Allowance rates remain higher at the ALJ stage than at the initial stage, however. This is partly because ALJs often see claimants whose condition has deteriorated in the 18 months or so since their application was turned down and whose application is better documented typically with the help of an attorney than at the DDS stage.
SSDI beneficiaries are mostly older and have severe physical or mental impairments. The typical SSDI beneficiary is in his or her late 50s — 75 percent are over age 50 , and nearly 35 percent are 60 or older — and suffers from a severe mental, musculoskeletal, or other debilitating impairment. Physical disorders dominate among beneficiaries age 50 or older. Mental disorders — including intellectual disability formerly called mental retardation , mood disorders such as bipolar disease and severe depression, organic mental disorders associated with brain disease or damage, psychotic disorders such as schizophrenia, and other mental impairments — account for half of beneficiaries under age SSDI beneficiaries experience high death rates.
Many die within a few years of qualifying for SSDI. People with limited education are much likelier to collect SSDI.
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Thus, people without a college degree are far more likely to collect SSDI. Disability beneficiaries exhibit a distinct geographic pattern. States with low high-school completion rates, more older residents, few immigrants, and a blue-collar industry mix tend to have more SSDI beneficiaries.
Isolated pockets with unusually high rates of receipt are extreme outliers.
Many SSDI beneficiaries are poor. Poverty rates are about twice as high for SSDI beneficiaries as for others — even including their benefits. Overall, about one-fifth of all disabled-worker families are poor; without SSDI, nearly half would be.
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SSDI beneficiaries have limited work capacity. SSDI applicants typically suffer a sharp drop in earnings before turning to the program. The most severely impaired — who are awarded benefits — seldom work afterward. Although SSDI allows beneficiaries to supplement their benefits through work, few are able to do so.
Beneficiaries may earn unlimited amounts for a nine-month trial work period and a subsequent three-month grace period before benefits are suspended. Even then, they may return to SSDI if their earnings fall. Of beneficiaries who were tracked for ten years after qualifying, only about 28 percent did any paid work, 7 percent had benefits suspended for at least one month because of work, and 4 percent had benefits terminated because of sustained work.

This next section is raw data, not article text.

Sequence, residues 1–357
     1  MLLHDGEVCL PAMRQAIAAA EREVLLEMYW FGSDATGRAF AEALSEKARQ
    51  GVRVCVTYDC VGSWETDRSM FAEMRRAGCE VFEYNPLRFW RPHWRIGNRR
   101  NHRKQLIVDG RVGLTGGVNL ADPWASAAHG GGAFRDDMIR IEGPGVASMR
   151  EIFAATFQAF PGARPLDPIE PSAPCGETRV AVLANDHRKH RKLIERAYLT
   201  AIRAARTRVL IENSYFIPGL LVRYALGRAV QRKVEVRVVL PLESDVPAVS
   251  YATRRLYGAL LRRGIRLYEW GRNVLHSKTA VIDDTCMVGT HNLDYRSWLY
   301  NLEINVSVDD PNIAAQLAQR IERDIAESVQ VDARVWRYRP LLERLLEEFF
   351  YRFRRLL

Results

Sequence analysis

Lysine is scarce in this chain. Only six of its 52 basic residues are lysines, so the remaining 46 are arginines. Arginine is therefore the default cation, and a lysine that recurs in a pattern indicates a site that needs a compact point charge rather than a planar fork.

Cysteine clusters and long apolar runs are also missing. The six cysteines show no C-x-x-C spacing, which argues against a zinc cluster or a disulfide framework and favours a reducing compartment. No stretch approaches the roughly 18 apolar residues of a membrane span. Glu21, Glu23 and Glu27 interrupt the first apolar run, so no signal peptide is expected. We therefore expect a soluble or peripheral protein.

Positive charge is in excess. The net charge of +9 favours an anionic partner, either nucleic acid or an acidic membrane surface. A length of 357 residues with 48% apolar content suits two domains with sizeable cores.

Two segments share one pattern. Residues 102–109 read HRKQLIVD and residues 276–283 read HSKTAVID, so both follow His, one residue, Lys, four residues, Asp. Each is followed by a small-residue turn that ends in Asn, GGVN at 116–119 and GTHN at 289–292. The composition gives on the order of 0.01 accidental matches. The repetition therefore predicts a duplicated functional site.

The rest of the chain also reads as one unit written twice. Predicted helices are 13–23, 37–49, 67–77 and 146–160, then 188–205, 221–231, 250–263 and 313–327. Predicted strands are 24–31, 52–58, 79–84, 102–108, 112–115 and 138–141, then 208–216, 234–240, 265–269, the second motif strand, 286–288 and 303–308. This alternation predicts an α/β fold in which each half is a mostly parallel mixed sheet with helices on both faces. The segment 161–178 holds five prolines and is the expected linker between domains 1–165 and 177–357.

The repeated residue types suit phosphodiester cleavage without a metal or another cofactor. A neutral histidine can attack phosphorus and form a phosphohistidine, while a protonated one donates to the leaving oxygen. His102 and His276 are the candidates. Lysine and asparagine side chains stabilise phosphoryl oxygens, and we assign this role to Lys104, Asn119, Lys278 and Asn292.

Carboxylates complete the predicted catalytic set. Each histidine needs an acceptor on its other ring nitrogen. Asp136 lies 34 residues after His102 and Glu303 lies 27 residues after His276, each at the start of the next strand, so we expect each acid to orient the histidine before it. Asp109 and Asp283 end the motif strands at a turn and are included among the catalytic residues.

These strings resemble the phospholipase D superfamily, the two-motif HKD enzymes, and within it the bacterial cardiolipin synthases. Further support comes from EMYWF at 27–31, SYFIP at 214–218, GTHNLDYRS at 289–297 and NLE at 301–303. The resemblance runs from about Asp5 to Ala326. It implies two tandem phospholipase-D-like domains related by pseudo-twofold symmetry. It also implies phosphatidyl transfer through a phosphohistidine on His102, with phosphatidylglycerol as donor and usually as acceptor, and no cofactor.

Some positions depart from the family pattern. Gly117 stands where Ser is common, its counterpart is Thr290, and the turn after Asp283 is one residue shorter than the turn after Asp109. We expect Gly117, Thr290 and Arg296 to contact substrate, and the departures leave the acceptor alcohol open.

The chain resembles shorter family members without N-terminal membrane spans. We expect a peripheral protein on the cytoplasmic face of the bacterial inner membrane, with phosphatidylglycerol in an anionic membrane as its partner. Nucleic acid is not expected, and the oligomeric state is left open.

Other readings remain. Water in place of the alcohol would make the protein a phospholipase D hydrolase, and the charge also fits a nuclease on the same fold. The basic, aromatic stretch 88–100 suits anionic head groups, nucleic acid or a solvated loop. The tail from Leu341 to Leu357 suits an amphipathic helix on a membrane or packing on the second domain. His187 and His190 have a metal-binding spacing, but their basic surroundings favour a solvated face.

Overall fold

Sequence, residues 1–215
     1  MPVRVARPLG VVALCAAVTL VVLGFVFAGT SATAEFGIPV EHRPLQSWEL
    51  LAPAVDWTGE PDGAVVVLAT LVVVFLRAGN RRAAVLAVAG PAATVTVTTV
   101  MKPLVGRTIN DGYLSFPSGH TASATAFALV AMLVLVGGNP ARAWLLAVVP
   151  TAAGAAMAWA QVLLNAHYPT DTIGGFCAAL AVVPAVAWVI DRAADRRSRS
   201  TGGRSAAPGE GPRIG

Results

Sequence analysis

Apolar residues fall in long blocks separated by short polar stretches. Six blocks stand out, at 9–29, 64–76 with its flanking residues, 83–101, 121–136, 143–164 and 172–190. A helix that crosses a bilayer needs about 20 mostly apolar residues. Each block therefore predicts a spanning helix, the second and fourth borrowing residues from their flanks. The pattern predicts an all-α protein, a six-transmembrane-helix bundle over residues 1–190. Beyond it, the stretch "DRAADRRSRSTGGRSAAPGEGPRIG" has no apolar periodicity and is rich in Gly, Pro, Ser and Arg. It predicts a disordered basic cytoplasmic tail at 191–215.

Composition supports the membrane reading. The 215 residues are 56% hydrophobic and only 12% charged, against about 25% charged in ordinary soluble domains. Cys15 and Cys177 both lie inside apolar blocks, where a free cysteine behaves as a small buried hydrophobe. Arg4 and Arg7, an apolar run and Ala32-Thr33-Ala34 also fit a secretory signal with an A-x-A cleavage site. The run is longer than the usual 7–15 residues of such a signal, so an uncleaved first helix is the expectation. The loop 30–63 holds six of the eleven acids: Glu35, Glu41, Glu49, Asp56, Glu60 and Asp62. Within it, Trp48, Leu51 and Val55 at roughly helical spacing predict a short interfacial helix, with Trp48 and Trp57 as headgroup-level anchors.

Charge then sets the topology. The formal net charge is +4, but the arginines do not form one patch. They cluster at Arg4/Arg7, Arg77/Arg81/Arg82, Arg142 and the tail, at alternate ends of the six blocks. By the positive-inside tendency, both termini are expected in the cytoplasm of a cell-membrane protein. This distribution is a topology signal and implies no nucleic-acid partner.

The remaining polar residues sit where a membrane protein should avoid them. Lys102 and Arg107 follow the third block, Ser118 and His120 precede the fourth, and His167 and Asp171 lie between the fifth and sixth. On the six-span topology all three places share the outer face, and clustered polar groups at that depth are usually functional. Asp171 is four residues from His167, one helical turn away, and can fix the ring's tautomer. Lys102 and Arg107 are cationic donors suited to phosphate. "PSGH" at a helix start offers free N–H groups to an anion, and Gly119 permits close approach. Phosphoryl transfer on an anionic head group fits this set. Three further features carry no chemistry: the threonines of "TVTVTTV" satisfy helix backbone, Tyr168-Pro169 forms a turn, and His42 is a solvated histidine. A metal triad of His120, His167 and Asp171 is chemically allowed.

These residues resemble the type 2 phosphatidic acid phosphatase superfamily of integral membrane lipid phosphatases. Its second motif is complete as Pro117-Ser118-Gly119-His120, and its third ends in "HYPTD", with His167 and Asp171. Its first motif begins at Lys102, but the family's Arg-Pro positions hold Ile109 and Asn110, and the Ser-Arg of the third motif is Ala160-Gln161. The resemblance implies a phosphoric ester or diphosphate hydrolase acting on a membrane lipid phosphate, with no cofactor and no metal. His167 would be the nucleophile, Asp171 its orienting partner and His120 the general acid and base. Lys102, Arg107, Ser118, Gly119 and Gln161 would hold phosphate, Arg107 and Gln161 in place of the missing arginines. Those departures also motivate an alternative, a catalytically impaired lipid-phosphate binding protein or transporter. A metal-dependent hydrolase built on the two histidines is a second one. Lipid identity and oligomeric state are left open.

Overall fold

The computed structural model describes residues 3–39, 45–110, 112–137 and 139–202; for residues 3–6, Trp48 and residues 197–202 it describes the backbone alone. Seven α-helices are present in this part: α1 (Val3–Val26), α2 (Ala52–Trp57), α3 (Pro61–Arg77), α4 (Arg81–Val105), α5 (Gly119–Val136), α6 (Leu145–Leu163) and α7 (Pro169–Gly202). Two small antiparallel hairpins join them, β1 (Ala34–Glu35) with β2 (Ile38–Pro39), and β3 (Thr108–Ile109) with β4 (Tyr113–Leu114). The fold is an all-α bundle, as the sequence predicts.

One careful study found that only one-fifth of beneficiaries aged 45 to 64 — and only about half of rejected applicants — had any earnings two years after application, and even fewer had significant earnings.
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SSDI costs have leveled off, but the program faces a long-run funding gap. SSDI costs have stabilized as the baby boomers move from their peak disability-prone years to their peak retirement years. Disabled workers are converted to retired workers at the full retirement age — currently 66 and scheduled to rise to 67 — and the oldest baby boomers are fast reaching that milestone. Though the SSDI trust fund has enough funding for more than three decades, policymakers must address overall Social Security financing before then. SSDI benefits are modest. Most beneficiaries — especially unmarried ones — rely on SSDI for most of their income.
SSDI benefits replace about half of past earnings for a median beneficiary. Most other advanced countries spend more than the United States on disability benefits. The Organisation for Economic Co-operation and Development OECD reports that the United States has some of the most stringent eligibility criteria for disability benefits among advanced economies.
OECD statistics confirm that, as a corollary, the United States spends less on disability benefits as a share of the economy than most other advanced countries. That has impaired customer service by increasing wait times at field offices and on the phone. Another consequence of the cuts is that about , people await a final decision on their application for SSDI — after paying into Social Security their entire career — or their application for disability benefits from the Supplemental Security Income program.
They wait an average of about a year and a half for decisions on their appeals. Introduction Social Security Disability Insurance SSDI , an integral part of Social Security, provides modest but vital benefits to workers who can no longer support themselves due to a serious and long-lasting medical impairment. By Georges Casamatta , Helmuth Gremer , A Positive Theory of Social Security.
Promoting Economic Growth through Social Security Reform
Copy URL. Abstract Population aging puts significant pressure on social security systems that are based mainly on a pay-as-you-go PAYG formula and determined by the political process in which both retirees and future retirees participate. Register to save articles to your library Register. Paper statistics. Pension Risk Management eJournal Follow. Shantaram P.
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